Published by Schaden, and Le Point du Jour in 2004

Illustrated cloth with dustjacket and a clear acetate

Size  22.5 X 28cm. 120 pages duotone and full color printing

Photographs and texts Machiel Botman

Editing & design Machiel Botman, Fred Ritchin, Victor Levie and Reinier van Wel

Scans and printing by Rosbeek, Nuth, The Netherlands

Binding by Van Waarden, Zaandam, The Netherlands

First edition 2500 copies total, of which 1500 english (Schaden) and 1000 french (Le Point du Jour). For each language there was a limited edition (mentioned in the colofon) lettered A to Z, signed, with a fiber print of the image Art and Jaz. This limited edition came in an lllustrated cloth slipcase. 

 

   Slipcase Limited Edition 

 

 

 


Thursday
Apr262012

Heartbeat

      Collage from the final Heartbeat dummy (1994)

Between the end of 1990 and 1994 I made about seven different dummies for Heartbeat. Some with fiberprints, the others photocopied. This began after the unexpected passing away of my mother. I had photographed about 15 years and made selections from that period, about her of course, and about everything else that mattered: my relationships, my brother, my friends, my son and the places where I lived, mostly in The Netherlands and in France. Heartbeat became a visual poem in which happiness and sadness went hand in hand. Nothing was linear or chronological in the book.

The images I used for Heartbeat were taken without any intent to publish them in a book. I never was much of a planner and I photographed from intuition, always kind of reacting to things. I began by photographing directly around me. And that never changed much, except of course, my circles of living life became larger, or different, or something.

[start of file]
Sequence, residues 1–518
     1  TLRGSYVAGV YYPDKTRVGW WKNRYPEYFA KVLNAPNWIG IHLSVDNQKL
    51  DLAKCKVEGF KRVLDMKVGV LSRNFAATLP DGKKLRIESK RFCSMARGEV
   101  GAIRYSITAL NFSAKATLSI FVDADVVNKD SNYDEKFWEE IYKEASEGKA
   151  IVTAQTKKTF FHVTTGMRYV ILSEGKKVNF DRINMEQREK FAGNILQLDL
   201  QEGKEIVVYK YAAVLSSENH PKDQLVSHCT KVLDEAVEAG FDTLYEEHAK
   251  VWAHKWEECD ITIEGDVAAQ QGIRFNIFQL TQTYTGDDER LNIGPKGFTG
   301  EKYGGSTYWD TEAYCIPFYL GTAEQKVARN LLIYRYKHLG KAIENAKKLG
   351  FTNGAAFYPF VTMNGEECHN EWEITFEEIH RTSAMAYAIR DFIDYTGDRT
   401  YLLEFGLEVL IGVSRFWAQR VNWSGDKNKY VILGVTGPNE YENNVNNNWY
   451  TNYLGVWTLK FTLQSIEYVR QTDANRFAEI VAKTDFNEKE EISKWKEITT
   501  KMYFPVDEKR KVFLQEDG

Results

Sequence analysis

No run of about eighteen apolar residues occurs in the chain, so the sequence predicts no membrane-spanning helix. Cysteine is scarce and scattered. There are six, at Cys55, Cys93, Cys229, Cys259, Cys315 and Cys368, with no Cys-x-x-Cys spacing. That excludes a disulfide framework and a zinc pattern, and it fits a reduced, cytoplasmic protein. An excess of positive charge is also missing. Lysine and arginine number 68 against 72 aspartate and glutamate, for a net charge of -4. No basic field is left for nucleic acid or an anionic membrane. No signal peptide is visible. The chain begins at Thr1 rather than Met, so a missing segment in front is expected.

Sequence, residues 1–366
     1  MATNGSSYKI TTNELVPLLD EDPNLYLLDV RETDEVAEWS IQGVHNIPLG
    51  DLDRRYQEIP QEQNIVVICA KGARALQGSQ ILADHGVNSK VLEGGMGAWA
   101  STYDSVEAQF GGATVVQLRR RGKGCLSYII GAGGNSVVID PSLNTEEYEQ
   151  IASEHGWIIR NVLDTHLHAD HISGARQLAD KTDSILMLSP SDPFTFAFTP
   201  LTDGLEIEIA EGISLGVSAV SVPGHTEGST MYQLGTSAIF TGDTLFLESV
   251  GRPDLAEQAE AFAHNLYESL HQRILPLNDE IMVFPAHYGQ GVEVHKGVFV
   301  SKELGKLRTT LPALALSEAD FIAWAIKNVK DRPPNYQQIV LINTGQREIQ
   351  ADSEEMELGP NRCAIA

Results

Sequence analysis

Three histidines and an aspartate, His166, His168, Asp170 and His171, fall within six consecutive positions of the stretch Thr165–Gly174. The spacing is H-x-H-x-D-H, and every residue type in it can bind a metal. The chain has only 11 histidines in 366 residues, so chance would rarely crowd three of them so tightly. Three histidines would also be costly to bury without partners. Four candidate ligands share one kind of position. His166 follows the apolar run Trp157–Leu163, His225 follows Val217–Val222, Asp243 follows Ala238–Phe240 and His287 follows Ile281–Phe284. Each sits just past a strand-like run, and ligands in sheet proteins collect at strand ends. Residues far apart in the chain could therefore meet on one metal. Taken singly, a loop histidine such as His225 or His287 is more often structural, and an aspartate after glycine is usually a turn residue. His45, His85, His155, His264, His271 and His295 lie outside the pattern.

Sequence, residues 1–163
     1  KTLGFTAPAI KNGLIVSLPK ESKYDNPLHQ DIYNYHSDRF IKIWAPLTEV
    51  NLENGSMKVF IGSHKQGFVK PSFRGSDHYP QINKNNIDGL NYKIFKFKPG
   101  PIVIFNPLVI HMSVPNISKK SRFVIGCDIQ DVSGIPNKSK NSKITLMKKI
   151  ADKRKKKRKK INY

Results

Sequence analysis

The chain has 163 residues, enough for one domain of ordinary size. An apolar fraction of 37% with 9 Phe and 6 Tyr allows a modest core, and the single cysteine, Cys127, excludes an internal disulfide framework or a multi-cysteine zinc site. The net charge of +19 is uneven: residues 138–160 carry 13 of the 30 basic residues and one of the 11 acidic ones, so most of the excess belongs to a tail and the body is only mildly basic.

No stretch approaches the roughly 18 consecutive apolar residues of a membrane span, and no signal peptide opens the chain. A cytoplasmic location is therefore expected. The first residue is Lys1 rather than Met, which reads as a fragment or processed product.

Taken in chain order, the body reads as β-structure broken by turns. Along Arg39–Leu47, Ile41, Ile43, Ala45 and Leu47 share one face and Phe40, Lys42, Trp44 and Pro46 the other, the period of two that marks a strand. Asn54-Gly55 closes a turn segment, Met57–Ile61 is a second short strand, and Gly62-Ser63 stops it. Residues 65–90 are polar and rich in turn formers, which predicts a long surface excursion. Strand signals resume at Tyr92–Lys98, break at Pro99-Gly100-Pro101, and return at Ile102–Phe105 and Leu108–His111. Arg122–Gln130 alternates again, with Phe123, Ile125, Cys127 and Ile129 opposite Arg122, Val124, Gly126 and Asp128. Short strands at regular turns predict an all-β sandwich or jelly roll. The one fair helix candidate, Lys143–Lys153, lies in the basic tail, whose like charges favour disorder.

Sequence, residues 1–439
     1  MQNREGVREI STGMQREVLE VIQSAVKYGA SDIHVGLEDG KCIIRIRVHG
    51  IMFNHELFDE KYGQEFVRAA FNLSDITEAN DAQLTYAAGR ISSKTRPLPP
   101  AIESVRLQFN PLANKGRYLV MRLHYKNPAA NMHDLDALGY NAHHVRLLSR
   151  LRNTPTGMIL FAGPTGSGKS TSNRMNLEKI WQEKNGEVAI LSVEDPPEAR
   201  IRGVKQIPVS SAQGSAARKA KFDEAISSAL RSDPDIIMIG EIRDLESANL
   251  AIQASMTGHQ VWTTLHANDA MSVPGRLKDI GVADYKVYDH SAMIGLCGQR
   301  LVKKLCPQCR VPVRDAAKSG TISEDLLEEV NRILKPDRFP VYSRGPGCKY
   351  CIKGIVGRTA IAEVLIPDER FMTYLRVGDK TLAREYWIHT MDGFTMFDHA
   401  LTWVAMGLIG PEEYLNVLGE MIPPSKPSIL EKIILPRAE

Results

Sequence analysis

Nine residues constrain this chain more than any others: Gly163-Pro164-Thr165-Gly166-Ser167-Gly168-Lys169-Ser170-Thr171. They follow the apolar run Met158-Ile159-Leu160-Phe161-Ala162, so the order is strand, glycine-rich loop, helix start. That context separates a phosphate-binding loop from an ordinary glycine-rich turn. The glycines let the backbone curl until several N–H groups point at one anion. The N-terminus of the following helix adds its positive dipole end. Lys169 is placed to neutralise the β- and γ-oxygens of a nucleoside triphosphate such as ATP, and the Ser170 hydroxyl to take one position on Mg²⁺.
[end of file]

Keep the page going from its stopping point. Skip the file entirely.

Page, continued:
Heartbeat

(self) published by Volute 1994

Illustrated hardboards (issued without dustjacket)

Size 23 X 31.5 cm. 64 pages duotone printing

Photographs and texts Machiel Botman

Editing & design Machiel Botman, Adriaan Monshouwer, Victor Levie and Fred Ritchin

Scans and printing by Veenman Drukkers, Wageningen, The Netherlands

Binding Boekbinderij Van Mierlo, Nijmegen, The Netherlands

First edition 1500 copies total, of which 500 in Dutch, 500 English and 500 French.

For each language there was a limited edition (mentioned in the colofon) of 15 copies, with a signed fiberprint of the cover image. This limited edition had a handmade slipcase, illustrated by the author.

The exhibition Heartbeat opened in Het Nederlands Foto Instituut in Rotterdam, in december of 1994. With the prints we also put up one of the dummies, a leporello of nearly 20 meters long. 

 

Slipcase limited edition of Heartbeat - none were the same

 


Wednesday
Apr252012

B&W+COLOR

Profile by Dean Brierly

Wednesday
Apr252012

Aperture Photobook Review

Aperture Photobook Review launches Issue 002. It's got a story about the making of Kiyoshi Suzuki's book Soul and Soul 1969 - 1999,  made for Suzuki's retrospective exhibition with Noorderlicht in The Netherlands, in 2008.

Tuesday
Nov152011

One Tree

My latest book One Tree has been published, with Nazraeli Press. Mostly photographed since 2005 and in Italy.

The Dutch photographer shows black-and-white images from his new book, “One Tree,” most of which seem to be about things glimpsed in passing—a world more lost than found. Figures are a ghostly blur or a half-seen reflection; landscapes dissolve and shatter. The work is dreamy and disorienting and sometimes results from multiple exposures: a chair floats before a building façade; a white horse is superimposed on the view of a distant house on a hill. But even the most seemingly straightforward pictures can leave you in a world of uncertainty. 

Vince Aletti, in The New Yorker of February 6, 2012

 

 

 

 

Page 1 ... 1 2 3 4